10 Best Mountain Biking Apps For Tracking Stats & Finding The Best Trails
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Nowadays, there’s an app for everything. It’s hard to even imagine life before Uber or Instagram, right?! We rely so much on our phones (for better or worse) and it’s no different when it comes to spending time outdoors.
Most mountain bikers have at least heard of Strava or TrailForks if not use them on nearly every ride. Mountain biking apps like these have come a long way over the past few years and now they are instrumental for trail finding, route planning, measuring performance, and even improving skills.
But there are a lot of apps out there to download and they’re not all created equal. So which ones are the best and most helpful?
In this post, I round up the best mountain biking apps to help you have maximum fun and stay safe out there on the trails. Whether you’re looking to track mileage, plan a route, measure elevation gain, or something else, there’s an app for you.
Best Mountain Biking Apps for Tracking Stats
- Best for: Tracking stats, measuring performance, keeping tabs on fellow riders
- Price: The basic version of Strava is free, but missing most of the features outlined above. If you want to see how to stack up against the top ten riders or you want access to your training log, you’ll need to subscribe for $11.99 a month or $79.99 a year.
Strava is probably the most well-known mountain biking app out there and for good reason. Strava does a little bit of everything from tracking mileage to recording routes via GPS to measuring elevation gain and loss, and even tracking fitness stats like heart rate and power output.
Strava is a powerhouse when it comes to keeping track of every ride.
Through its Strava segments, the app also ranks riders against other riders by measuring speed along specific routes and ride segments. For example, you can see how your time measures up against your friends and foes and if you really work hard, you might get a top 10 trophy or even the crown!
You can also use Strava to discover new trails via its heatmap (although I recommend TrailForks for this – see below), join monthly challenges to whip yourself into shape and win cool prizes, or track other activities like running, road cycling, hiking, and more.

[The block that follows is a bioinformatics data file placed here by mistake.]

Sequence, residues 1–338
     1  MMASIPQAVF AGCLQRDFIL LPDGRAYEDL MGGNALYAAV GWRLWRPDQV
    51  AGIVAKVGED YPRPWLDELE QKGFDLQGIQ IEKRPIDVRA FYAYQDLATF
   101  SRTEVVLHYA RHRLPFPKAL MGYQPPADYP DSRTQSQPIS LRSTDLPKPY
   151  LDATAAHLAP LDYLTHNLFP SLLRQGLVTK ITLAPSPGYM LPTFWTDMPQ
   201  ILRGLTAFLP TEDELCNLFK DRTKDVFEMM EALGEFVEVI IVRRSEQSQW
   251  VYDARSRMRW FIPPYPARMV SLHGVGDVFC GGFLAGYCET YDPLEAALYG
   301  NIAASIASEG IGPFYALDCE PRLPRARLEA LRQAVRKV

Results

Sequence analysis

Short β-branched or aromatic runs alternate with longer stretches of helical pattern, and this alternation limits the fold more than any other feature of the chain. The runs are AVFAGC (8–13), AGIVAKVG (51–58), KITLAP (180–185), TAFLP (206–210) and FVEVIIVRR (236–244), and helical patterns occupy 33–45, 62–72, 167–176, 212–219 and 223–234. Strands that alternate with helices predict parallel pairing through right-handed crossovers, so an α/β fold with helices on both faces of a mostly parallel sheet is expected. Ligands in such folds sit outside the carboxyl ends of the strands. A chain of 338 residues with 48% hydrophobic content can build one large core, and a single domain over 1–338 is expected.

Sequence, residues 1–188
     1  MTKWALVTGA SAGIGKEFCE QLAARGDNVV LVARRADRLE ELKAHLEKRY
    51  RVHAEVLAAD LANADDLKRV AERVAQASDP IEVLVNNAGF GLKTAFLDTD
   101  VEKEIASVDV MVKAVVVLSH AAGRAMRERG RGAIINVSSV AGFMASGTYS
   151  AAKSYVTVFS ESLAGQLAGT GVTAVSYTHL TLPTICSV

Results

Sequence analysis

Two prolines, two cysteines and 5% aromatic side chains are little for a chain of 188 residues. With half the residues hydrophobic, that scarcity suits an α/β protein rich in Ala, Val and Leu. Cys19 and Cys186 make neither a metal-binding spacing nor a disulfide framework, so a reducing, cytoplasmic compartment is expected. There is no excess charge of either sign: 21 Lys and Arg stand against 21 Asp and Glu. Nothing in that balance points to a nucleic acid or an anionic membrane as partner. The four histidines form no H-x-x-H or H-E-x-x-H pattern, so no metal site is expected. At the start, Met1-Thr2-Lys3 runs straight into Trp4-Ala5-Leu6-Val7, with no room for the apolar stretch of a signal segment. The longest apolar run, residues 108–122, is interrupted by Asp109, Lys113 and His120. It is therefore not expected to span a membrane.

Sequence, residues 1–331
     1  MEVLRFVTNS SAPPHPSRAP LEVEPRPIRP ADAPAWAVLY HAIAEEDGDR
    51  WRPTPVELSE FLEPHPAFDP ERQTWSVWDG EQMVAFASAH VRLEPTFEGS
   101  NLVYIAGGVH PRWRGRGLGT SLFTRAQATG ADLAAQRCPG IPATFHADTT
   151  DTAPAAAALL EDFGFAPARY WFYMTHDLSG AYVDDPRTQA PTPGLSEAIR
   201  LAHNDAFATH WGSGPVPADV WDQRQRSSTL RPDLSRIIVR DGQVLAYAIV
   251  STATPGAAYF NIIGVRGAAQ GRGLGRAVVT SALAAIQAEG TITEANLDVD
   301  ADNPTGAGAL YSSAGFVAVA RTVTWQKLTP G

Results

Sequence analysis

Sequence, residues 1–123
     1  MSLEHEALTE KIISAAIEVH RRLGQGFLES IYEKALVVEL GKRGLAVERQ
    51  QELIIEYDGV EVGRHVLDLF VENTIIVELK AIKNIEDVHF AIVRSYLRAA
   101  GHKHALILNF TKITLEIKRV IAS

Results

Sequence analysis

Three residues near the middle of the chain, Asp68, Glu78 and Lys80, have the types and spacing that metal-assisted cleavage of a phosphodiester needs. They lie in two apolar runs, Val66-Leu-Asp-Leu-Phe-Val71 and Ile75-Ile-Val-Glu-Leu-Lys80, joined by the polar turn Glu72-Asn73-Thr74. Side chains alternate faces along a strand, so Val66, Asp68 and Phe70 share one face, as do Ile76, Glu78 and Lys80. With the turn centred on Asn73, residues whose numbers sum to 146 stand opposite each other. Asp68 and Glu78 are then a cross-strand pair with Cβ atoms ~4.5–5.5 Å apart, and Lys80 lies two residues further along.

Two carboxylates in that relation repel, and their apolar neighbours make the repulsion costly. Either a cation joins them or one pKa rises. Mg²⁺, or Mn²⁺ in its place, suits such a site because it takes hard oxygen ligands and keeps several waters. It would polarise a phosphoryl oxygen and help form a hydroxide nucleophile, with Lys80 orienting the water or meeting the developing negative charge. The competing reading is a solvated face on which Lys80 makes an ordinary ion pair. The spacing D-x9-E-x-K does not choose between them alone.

If Strava didn’t record it, the ride never happened.
2. Garmin Connect
- Best for: Tracking stats, measuring performance, and keeping a training log
- Price: Free, but requires a Garmin device
While Strava does measure a lot of stats like heart rate and power output, if you really want to dive into training statistics, Garmin Connect is your tool.
This biking app – when paired with a Garmin device like my personal faves, the Garmin Fenix watch and Garmin Edge 830 – measures everything from VO2 Max to menstrual cycle for the ladies, to water intake, and so much more.
It also allows you to record a much broader range of activities including yoga, paddleboarding, golf, etc…
Garmin devices can also link to Strava and upload ride reports to TrailForks, so basically it does everything.
Personally, I think it’s super interesting to look back over my Garmin Connect calendar to see how many activities I’ve done throughout the month and how my training effect has improved (or decreased…).
Best Apps For Finding Trails & Routes
- Best for: Finding singletrack trails, discovering routes, and reading trail reviews. This is the app to have for mountain bikers
- Price: Free for one region or $2.99/month or $36/year. The desktop website is always free.
TrailForks is the mountain biking app that I use the most. Hands down. I don’t know what I would do without this little gem on my phone. It has prevented me from getting lost, allowed me to find the best trails, helped me discover new and exciting networks, and so much more.
TrailForks is a user-generated community which means that almost everything on the app and website was put there by actual riders who have ridden the trails and have experience in the area. You can read trail descriptions, look at photos, view trail reports, and browse comments.
Trails are rated according to difficulty, so it’s easy to choose routes that are suited to your abilities. You can also find route suggestions on the best way to link up trails.
If you mountain bike a lot (or plan on mountain biking a lot) this app is indispensable. You can even use it offline.
TrailForks is also working hard to build up trail data for other activities like hiking, skiing, dirt biking, and more.
4. MTB Project
- Best for: Those who don’t want to pay for TrailForks
- Price: Free
MTB Project is REI’s version of TrailForks. It’s designed to more clearly showcase routes and loops rather than individual trails, but personally, I think the app is a little harder to navigate.
Like TrailForks, MTB Project is also user-generated, so anyone can add photos, routes, trails, and comments.
However, unlike TrailForks, MTB Project only lists legal and sanctioned trails. So if a trail is not approved by, say, the Forest Service or BLM, it will not appear on MTB Project.
I also find that MTB Project is more geared toward cross-country riders while TrailForks caters to pretty much everyone.
5. All Trails
- Best for: Mountain bikers who are also avid hikers
- Price: Free or pro version is $29.99/year
AllTrails is most widely known for its hiking trail beta and navigation but it’s actually pretty good for locating mountain bike trails as well.